Top tips for using LinkedIn

Top tips for using LinkedIn

The social arena that is LinkedIn can be a complicated one if you’re not familiar with using it. Many people, including me, set up a LinkedIn profile whilst at university, with the hope of gaining exposure and obtaining a job. However, there is much more to LinkedIn than helping people find employment.

These tips aim to help you use LinkedIn efficiently and better understand the function of this social platform…

Profile

This may appear to be stating the obvious, but your profile is the most important thing when you create your online persona. With this in mind, make sure that every single aspect of this is completely up to date and filled in.

Do you use your LinkedIn profile for business purposes? If so, link your profile in as many ways as possible to your place of work, by adding the relevant email and the web address of the company homepage.

What’s the best way to grow your network?

An obvious place to start is with your friends and family, because these are usually guaranteed connections, which will provide you with a platform for growth. But, as you’re probably using LinkedIn for professional reasons, extend this to colleagues past and present, suppliers, clients and other work-based contacts.

The next place to look would be in the ‘recommended for you’ feature that LinkedIn offers. In this section there will be a list of people that you have mutual connections with, or whom you may know based on your profile.

Finally, if you attend any networking events, this is another chance for you to introduce yourself and connect with new people on LinkedIn. And soon enough, your network will have doubled, trebled and possibly even quadrupled in size!

Who should you connect with?

You can pretty much connect with whoever you want. Some people may suggest not adding or accepting people that you don’t know. But remember, when you add someone to your network, you’re not only connecting with them but with their whole network as well, which can work in your favour, providing the reasoning is ethical rather than intrusive. If you’re unsure of whether to accept someone, there’s no harm in taking a look at their profile to see if the connection is relevant for you. For example, they may work within the same industry as you, or one that you are keen to branch into; which would make them a valuable addition.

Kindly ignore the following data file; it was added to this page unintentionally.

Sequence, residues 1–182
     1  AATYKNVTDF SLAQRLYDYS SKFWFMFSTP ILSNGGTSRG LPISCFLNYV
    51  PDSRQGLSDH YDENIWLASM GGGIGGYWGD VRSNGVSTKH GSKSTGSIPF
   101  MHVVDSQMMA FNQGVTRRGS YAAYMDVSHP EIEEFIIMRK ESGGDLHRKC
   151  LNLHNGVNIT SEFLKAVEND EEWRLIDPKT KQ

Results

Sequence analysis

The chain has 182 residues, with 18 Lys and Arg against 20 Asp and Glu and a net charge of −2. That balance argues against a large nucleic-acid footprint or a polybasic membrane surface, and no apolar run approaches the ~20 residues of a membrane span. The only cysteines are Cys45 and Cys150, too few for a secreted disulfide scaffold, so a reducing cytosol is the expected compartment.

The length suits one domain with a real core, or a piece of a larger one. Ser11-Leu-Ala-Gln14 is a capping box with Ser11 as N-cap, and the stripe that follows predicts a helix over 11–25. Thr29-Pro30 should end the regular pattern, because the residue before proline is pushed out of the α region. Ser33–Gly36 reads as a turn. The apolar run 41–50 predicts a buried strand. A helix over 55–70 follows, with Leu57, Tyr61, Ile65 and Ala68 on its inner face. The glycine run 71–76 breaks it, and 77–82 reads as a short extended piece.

If you don’t feel that you want certain people in your network then there is no need to accept. It is your decision as to who you liaise with online!

Skill endorsements

Before this can occur, you need to make sure you have taken the time to list the skills you want others to endorse you for. These are designed for people to effectively put in a ‘good word’ about you and further showcase your capabilities. Even though they’re not an essential part of your profile, they are a great tool enabling others to view your expertise.

If you don’t have any of these then don’t be afraid to ask your peers, customers and suppliers – after all they probably know you better than anyone. And, you can return the favour and endorse them back if they have qualities that you feel deserve praise.

What should you post?

This is entirely dependent on what you use LinkedIn for. If you’re using it for your business it is a good idea to post career status updates. These will keep your connections informed about your present professional status and reinforce your brand. Share your joy, excitement and achievements, because this encourages your network to engage with your posts and view your profile. And, don’t be afraid to share your own commentary on events you attend, industry news/topics and your own professional progression, as this adds a personal touch to your posts!

If you’re on the hunt for your first job, between employment or want a career change, then you can post about the kind of job opportunity you are seeking. This is a great way to make people aware of what you are looking for, and a business who is trying to fill a role within their company may spot this and approach you!

Alternatively, if you have set up your profile whilst at university and are not yet at the stage of job searching, sharing news and articles that catch your attention is a good way to show your network what interests you and even what your views are.

These are just a few tips to help get you started with LinkedIn and how to use it. Once you have your profile set up and have established your purpose for using it, you can begin to grow your network!

Do you also struggle using Twitter and want some guidance on using this social platform? Take a quick look at our 5 tips here.

By Paige